REVIEW: Defenders #11
Matt Fraction took the reins of the Defenders promising that he would explore the foundations of the Marvel Universe and answer the questions of how it all came together. With only one more issue to go, has he lived up to his promise? More importantly, is it a good read? Find out after the jump.
Previously in The Defenders: “The Defenders” is traditionally a name given to a team of (arguably) B-list heroes who are thrown together by chance and usually led by Dr. Strange. This incarnation of the team has uncovered the mystery of the “Concordance Engines”, Kirby-esque devices that can warp reality. The trail has led Dr. Strange, the Silver Surfer, Red She-Hulk, Black Cat, Iron Fist, and an alternate reality version of Nick Fury (because there certainly aren’t enough Nick Furys in the Marvel U) around the world, ultimately finding that their meddling with things they did not understand has led to a Death Celestial (not as pleasant a house guest as the name sounds) has arrived on the 616 Earth and has killed everyone except the Defenders themselves and, for some reason, Ant-Man. Note: That’s the Scott Lang Ant Man, not the one who is cross-dressing as his dead wife. In case you were wondering.
WHERE THERE IS CLARITY THERE IS NO CHOICE
This issue is all talking. OK, except for the one full-page panel at the beginning where John Aman flies a plane into the Death Celestial, but the rest is all talk. And yet I didn’t notice that until rereading for this review. The next issue is the last issue of the series so it’s actually a good thing that the action slows down because the tension keeps ratcheting up to be paid off with all the action we’ll get in issue #12. We see the Surfer meet the Omega Council who are behind the Engines and, like Peter Tork at the end of the movie Head, he comes back with a sense of calm and philosophy that could save them all if anyone will listen. John Aman’s origin is told, tinged with the bile and anger that has consumed him after a lifetime of protecting the Engines has driven him mad. Through it all the Defenders try to figure out what to do against a freakin’ Celestial.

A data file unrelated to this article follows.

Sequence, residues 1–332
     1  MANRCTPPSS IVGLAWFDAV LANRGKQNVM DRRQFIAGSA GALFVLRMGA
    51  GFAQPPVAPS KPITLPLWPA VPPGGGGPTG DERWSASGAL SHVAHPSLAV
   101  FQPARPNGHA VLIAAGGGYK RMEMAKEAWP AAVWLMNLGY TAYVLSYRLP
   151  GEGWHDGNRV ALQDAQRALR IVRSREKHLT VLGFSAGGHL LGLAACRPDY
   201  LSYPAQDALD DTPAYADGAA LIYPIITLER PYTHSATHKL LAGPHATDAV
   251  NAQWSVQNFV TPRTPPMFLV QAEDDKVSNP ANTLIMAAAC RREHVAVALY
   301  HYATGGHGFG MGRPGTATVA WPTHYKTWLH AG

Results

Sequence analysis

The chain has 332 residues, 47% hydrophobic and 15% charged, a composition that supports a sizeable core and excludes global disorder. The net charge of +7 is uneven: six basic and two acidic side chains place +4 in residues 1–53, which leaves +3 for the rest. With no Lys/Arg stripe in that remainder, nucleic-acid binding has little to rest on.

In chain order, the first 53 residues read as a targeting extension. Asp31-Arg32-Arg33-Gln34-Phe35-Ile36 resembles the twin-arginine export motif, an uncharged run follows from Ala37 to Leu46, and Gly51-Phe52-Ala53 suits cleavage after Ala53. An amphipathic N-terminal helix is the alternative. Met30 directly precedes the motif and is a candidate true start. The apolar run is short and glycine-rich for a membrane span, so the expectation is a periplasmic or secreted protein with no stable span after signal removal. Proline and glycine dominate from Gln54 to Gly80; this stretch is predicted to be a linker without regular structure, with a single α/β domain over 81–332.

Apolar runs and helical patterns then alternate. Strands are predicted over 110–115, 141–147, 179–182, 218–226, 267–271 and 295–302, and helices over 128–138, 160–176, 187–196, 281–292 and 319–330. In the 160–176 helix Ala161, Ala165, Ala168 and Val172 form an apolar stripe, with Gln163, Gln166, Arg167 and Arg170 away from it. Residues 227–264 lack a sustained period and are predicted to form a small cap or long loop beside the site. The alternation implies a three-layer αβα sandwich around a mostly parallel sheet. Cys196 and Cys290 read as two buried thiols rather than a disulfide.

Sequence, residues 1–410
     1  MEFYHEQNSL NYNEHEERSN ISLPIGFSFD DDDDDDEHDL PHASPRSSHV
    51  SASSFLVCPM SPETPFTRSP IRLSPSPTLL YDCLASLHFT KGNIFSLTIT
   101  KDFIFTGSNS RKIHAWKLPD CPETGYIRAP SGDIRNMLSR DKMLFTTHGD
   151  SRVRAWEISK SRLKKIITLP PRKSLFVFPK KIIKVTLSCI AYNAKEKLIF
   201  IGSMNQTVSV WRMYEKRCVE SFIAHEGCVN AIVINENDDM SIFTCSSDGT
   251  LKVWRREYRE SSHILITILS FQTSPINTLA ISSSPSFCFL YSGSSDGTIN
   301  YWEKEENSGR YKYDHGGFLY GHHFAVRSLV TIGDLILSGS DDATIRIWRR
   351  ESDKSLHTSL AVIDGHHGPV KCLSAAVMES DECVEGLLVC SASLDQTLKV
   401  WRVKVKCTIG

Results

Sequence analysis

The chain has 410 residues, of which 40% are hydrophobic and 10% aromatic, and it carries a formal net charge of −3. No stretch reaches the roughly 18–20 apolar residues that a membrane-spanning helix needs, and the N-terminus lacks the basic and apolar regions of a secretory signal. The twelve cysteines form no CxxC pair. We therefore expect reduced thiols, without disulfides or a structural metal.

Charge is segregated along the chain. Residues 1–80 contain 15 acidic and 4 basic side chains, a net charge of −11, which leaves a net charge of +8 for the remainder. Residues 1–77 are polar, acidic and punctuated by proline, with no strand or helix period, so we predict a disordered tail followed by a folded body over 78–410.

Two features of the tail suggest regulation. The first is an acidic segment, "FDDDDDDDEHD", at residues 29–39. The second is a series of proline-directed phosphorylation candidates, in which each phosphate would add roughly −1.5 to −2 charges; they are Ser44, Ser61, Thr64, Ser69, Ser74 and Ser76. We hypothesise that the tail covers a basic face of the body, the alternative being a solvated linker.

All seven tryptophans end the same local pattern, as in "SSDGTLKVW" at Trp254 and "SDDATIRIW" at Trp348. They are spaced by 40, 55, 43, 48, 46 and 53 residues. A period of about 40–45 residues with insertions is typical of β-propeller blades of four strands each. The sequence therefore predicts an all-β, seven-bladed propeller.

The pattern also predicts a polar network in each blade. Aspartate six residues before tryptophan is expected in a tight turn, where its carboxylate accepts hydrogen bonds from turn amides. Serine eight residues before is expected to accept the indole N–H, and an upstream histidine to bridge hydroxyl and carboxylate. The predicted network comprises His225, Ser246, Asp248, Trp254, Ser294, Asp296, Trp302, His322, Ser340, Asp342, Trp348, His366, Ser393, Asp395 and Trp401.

Reading the series, I’ve really appreciated the characterization in this book. Fraction has taken these second-string heroes and made them more interesting than I have seen most of them in other, sometimes their own, books. The mystic, aloof Dr. Strange is more human than I remember seeing. Too often he has been used just as a plot device to deal with magical MacGuffins, but here he’s a complex and (very) flawed person. In contrast, the Silver Surfer is less human than he is often portrayed. It’s been all too easy to think of the Surfer as a hippy who just happens to have the power cosmic. This Surfer is truly alien, which makes him more interesting to read and making him an outsider plays up his long-running interest in understanding humans.
If there’s a weakness in the book, it’s that it may reach too far to address some big questions about the Marvel Universe. We find out what the Concordance Engines do (I think, there’s still one more issue) and it seems to explain why there are so many heroes and crazy coincidences concentrated on Marvel Earth, but I’m not sure who was asking that question. It’s like a version of Matthew’s “Franklin Richards is warping all of the MarvelU” hypothesis, but not as tightly constructed and logical. As a card-carrying comic nerd, I have to point this out but I don’t want overemphasize its impact—it’s a minor quibble that’s easy to hand-wave away if you’re willing to come along for the ride.
THE REAL VS THE VIVIDLY IMAGINED EXPERIENCE
The art is beautiful. The faces are differentiated, on-model and expressive. The body language supports the story and the “acting” of the characters rather than just showing off cool poses. The color scheme changes from scene to scene, giving an effect like a movie that has been shot through differently tinted filters. This serves to separate the different locations and establish different dramatic tones through the use of the color tones. It also provides an otherworldly feel to the art that distinguished this story from the mainstream Marvel continuity. Both story-wise and visually, I get the sense that if the other books are “reality”, then this is the surreal layer just below the surface. Which is a tough distinction to make when “reality” includes the Scarlet Witch fighting the Phoenix or the Punisher in space, but I think Fraction and Pierfederici pull it off.
The beginning and end of the issue use full-page spreads to grab your attention and focus you in on the story. I question the first page a little because flying a plane into a Celestial in the middle of New York is a little too reminiscent of 9-11 for comfort. The last splash page, however, is a call-back to the first issue that proves that Fraction had things planned all along (or is really good at faking it). When I originally saw that image in the first issue, it made me want to know what was going to happen next. Seeing it again intensifies that feeling making me all the more eager for the next issue.
BOTTOM LINE: Elect to Defend
This issue has left me with a bunch of questions. If the 616 Earth and its heroes are an arsenal of weapons against the Death Celestial, why are they so woefully inadequate to the task? If the answer is going to be to use the Concordance Engine, why would the Omega Council bother in the first place since they had the Engines to begin with? Even if the next issue doesn’t deliver the answers that I want, the story along the way has been well worth the read. I give The Defenders #11 a solid four stars—As long as the ultimate resolution isn’t Iron Fist continuity-punching the Concordance Engine, I’ll be happy. (I hope I didn’t jinx it.)
DID YOU READ THIS ISSUE? RATE IT!